DID YOU READ

“The Iron Lady,” reviewed

the-iron-lady-12282-11

Posted by on

A few years ago, The Onion wrote an incredible article about Meryl Streep called “Name One Masterpiece Of Cinema That I’ve Starred In.” The commentary, written in Streep’s voice, savagely ridiculed — and astutely observed — the fact that Streep, maybe our greatest living actress, does not have the greatest filmmography. She’s appeared in a couple memorable movies — “The Deer Hunter,” “Kramer Vs. Kramer” — but not many. “Go ahead,” “Streep” writes, “try and name a classic movie I’ve starred in. Not a classic character I’ve portrayed, mind you, but an overall amazing piece of cinema. You can’t. You just can’t.” Streep’s turn as former British Prime Minister Margaret Thatcher in “The Iron Lady” is another none-too-classic example.

That’s despite the fact that Streep gives another chameleonic performance, almost two chameleonic performances, in two distinct time periods: in the 1970s and 80s, as Thatcher in her prime, and in the modern day, as Thatcher in the throes of dementia, hermit-like and trapped in conversation with the ghost of her dead husband Denis (Jim Broadbent). As usual, Streep’s work is technically remarkable. Age, build, posture, accent, hair, temperament, Streep nails them all. If you want to be awed by a performance, “The Iron Lady” is for you.

If you wanted to be awed by a movie, though, you’ll need to look elsewhere. The early scenes establish the structure: Streep as the decrepit Thatcher attempts to finally get rid of her husband’s possessions. Rummaging through her past keys flashbacks to Thatcher’s early life, falling in love with Denis and rising to power in the Conservative Party. At first the backwards glances are brief. But as the film progresses, they begin to dominate the runtime until Thatcher — and director Phyllida Lloyd and screenwriter Abi Morgan — are totally lost in her memories. The increasingly frantic pacing of the flashbacks may have been Lloyd and Morgan’s way of mimicking the confusion of an aging woman’s mind, but they also kill whatever little drama there was in the film. Eventually “The Iron Lady” devolves into a SportsCenter highlight reel of a woman’s life, a series of meaningless and insubstantial scenelets whose only evident purpose is to make sure Streep has plenty of showcases for her impressive performance.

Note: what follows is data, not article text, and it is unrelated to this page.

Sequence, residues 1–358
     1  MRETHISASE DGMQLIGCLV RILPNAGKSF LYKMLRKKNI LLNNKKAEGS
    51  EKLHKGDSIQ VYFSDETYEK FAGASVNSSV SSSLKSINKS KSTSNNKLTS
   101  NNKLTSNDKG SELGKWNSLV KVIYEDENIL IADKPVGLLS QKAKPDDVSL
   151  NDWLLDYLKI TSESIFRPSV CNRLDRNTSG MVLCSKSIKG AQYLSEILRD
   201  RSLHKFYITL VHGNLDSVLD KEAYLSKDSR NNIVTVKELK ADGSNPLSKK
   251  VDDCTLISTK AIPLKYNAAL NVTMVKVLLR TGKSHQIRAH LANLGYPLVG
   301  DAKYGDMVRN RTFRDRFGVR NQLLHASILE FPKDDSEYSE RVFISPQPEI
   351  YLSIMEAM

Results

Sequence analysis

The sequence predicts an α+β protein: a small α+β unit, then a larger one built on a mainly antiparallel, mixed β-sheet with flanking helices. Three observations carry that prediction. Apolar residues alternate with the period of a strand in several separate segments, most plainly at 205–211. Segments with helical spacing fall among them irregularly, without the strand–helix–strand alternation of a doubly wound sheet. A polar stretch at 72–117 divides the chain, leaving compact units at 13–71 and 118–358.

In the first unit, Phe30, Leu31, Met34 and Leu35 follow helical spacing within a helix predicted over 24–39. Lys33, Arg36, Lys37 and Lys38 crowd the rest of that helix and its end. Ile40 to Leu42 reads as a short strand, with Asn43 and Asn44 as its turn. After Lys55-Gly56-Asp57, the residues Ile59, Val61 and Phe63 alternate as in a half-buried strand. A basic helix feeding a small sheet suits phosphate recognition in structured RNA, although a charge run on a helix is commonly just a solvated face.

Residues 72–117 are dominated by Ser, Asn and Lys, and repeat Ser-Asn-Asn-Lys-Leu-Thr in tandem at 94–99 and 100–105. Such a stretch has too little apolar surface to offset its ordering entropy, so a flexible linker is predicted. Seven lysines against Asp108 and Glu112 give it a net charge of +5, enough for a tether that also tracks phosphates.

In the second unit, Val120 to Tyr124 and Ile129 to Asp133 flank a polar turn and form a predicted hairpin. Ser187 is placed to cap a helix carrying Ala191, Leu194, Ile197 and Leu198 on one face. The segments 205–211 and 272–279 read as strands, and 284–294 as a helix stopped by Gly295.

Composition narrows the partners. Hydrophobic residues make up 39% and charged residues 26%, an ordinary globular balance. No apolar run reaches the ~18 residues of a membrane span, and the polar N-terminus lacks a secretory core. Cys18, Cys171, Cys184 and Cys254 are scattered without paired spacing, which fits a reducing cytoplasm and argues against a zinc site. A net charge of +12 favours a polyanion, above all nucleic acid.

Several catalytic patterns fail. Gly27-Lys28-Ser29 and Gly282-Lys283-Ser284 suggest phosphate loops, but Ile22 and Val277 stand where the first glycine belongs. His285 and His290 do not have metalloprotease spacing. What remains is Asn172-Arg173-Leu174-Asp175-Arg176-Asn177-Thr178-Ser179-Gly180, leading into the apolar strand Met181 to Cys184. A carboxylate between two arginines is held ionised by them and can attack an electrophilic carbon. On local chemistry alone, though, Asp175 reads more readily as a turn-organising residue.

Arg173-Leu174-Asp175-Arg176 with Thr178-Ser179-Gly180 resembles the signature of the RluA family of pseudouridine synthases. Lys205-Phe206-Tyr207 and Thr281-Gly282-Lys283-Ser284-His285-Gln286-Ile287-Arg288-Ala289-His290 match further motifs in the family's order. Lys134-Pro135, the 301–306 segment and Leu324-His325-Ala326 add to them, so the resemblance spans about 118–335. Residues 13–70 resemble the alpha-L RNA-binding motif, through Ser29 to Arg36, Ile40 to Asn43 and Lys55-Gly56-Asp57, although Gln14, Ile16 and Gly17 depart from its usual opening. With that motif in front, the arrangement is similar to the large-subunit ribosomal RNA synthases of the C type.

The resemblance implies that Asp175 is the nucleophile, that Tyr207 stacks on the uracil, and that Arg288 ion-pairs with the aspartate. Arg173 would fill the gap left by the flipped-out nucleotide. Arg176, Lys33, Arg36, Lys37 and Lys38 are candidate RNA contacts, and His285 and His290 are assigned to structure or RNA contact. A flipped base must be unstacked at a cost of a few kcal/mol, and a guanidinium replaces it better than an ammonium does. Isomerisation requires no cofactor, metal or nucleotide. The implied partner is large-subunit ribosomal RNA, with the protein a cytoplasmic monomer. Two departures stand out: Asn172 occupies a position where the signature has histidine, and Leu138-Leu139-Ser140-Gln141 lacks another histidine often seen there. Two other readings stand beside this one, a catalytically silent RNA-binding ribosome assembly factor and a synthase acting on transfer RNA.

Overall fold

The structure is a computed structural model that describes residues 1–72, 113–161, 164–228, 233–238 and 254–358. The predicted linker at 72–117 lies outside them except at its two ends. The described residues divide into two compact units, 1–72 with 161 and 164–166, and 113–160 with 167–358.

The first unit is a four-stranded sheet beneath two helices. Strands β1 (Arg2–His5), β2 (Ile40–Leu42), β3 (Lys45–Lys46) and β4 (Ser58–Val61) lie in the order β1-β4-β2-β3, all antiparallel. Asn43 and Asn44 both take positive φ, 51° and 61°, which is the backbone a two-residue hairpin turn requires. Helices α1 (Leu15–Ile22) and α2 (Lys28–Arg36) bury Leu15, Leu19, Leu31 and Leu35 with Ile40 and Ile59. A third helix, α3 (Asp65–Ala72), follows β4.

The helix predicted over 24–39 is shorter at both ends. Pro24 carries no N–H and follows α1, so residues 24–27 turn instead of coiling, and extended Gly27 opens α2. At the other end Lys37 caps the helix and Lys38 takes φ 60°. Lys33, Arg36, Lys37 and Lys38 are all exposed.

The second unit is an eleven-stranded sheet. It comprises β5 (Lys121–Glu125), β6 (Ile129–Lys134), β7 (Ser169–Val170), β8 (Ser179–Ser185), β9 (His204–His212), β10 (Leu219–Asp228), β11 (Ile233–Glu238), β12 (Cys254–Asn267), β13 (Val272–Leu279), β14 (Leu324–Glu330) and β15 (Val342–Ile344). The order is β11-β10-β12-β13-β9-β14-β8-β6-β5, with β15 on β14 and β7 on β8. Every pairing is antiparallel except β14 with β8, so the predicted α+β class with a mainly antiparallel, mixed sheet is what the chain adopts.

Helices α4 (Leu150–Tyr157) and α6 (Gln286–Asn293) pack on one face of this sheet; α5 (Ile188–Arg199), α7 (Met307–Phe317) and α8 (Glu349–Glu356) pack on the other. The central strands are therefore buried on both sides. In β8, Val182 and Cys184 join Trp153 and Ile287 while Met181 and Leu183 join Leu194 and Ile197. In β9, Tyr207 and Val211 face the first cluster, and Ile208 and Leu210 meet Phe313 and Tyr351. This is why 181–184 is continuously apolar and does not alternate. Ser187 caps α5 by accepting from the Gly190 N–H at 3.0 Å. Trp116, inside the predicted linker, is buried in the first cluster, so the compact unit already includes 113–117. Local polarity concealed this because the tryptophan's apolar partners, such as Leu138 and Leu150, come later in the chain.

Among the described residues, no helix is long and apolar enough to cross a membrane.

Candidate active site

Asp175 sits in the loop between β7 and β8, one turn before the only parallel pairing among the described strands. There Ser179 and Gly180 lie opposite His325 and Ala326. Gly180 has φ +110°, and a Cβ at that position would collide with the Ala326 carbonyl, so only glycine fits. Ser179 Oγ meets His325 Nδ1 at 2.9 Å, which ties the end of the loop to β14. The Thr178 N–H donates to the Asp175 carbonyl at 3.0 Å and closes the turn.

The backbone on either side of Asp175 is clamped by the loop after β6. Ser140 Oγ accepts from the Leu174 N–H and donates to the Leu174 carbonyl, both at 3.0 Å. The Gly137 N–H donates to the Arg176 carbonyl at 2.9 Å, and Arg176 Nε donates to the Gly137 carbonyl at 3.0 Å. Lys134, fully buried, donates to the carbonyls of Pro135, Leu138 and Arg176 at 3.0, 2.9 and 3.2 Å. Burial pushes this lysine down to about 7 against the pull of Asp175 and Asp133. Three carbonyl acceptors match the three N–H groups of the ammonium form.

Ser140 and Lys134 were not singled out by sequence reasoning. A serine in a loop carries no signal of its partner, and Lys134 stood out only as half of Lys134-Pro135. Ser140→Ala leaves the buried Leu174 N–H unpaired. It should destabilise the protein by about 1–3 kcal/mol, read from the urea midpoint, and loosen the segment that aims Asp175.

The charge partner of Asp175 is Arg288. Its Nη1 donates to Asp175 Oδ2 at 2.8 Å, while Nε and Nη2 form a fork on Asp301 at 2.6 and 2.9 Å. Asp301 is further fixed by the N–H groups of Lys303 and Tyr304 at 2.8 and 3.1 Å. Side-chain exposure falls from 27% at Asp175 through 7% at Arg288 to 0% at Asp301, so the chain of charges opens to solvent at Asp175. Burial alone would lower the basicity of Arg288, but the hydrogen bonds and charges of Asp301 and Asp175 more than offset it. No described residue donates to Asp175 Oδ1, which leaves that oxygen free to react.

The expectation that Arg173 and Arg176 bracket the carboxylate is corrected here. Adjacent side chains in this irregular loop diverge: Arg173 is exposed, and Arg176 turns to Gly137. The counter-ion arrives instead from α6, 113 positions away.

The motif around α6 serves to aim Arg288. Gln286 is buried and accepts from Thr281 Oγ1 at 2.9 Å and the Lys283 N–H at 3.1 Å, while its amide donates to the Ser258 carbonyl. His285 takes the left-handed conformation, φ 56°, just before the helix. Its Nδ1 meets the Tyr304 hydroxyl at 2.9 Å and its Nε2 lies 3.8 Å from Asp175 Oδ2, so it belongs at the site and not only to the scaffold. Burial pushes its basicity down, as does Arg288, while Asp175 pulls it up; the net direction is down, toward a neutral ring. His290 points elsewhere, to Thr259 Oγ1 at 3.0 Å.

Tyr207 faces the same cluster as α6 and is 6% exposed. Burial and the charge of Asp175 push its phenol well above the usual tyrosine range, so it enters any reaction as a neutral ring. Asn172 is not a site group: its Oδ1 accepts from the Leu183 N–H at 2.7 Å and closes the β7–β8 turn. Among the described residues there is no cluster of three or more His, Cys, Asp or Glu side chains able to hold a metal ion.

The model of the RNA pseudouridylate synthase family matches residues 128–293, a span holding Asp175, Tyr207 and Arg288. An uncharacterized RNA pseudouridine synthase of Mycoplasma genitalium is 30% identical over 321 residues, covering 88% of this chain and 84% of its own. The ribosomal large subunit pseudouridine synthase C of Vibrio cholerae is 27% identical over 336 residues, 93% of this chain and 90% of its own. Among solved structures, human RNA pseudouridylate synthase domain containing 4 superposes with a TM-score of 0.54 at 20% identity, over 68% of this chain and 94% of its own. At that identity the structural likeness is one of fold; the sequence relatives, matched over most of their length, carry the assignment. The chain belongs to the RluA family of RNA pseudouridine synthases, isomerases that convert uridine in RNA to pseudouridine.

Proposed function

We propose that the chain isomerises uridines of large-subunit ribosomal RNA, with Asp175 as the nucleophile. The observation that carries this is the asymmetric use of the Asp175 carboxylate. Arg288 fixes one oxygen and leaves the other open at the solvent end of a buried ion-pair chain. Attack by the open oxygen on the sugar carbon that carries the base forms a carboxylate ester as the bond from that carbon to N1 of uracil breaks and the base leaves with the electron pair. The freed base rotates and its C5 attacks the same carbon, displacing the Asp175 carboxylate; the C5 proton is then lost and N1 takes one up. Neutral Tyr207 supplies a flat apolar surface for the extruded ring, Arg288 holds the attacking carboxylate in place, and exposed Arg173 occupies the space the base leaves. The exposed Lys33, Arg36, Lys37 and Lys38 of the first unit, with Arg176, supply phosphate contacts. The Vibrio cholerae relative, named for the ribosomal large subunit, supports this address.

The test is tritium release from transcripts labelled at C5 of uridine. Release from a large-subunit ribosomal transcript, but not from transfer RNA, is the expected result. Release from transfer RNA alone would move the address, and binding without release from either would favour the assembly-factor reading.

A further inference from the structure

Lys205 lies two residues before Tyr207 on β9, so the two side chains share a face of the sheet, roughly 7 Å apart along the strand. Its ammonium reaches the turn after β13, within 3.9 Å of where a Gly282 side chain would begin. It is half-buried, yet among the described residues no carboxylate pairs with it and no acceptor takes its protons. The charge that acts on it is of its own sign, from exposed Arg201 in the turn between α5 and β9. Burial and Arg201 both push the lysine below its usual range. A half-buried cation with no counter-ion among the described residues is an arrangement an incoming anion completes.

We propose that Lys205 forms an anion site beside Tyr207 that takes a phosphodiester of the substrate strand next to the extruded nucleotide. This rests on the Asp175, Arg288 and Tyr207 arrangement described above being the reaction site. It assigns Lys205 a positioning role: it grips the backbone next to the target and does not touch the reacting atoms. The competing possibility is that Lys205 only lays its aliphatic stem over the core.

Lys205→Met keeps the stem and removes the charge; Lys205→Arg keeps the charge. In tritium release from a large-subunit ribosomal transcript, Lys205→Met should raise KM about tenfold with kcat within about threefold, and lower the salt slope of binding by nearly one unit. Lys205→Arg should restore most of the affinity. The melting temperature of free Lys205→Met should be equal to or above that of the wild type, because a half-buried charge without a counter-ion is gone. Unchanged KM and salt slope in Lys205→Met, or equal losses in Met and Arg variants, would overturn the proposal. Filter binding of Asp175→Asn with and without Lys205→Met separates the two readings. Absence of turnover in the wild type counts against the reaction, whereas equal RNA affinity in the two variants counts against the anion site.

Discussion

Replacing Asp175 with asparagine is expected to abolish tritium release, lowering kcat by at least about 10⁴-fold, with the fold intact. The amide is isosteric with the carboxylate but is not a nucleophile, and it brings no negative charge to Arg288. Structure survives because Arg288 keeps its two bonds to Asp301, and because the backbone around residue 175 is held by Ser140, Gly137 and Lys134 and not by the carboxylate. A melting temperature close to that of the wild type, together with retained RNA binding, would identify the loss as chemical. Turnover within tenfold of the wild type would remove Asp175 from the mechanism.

Streep is undeniably impressive throughout, and her resolve and determination through the weaker stretches of the film is positively Thatcherian. But whether she demanded it be or not, “The Iron Lady” is less of a movie than a showcase for Streep. There’s no tension here, just that big voice and brassy haircut. To use another sports metaphor, if Streep were a baseball player, she would be Barry Bonds: blessed with incredible natural gifts but seemingly more interested in personal accomplishments than team ones. Bonds holds all the home run records but he never won a World Series. Similarly, Streep’s won every accolade imaginable for her work, but the Best Picture Oscars have been few and far between (the last one came for 1985’s “Out of Africa”).

Come to think of it, what about “Game of Shadows” as her next project?

“The Iron Lady” opens in limited release on Friday. If you see it, let us know what you think in the comments below or on Facebook and Twitter.

Watch More
Sneak_Peek

Flame Out

Brockmire and Other Public Implosions

Brockmire Premieres April 5 at 10P on IFC.

Posted by on

There’s less than a month until the Brockmire premiere, and to say we’re excited would be an insulting understatement. It’s not just that it stars Hank Azaria, who can do no wrong (and yes, that’s including Mystery Men, which is only cringeworthy because of Smash Mouth). It’s that the whole backstory of the titular character, Jim Brockmire, is the stuff of legends. A one-time iconic sportscaster who won the hearts of fans and players alike, he fell from grace after an unfortunate personal event triggered a seriously public meltdown. See for yourself in the NSFW Funny or Die digital short that spawned the IFC series: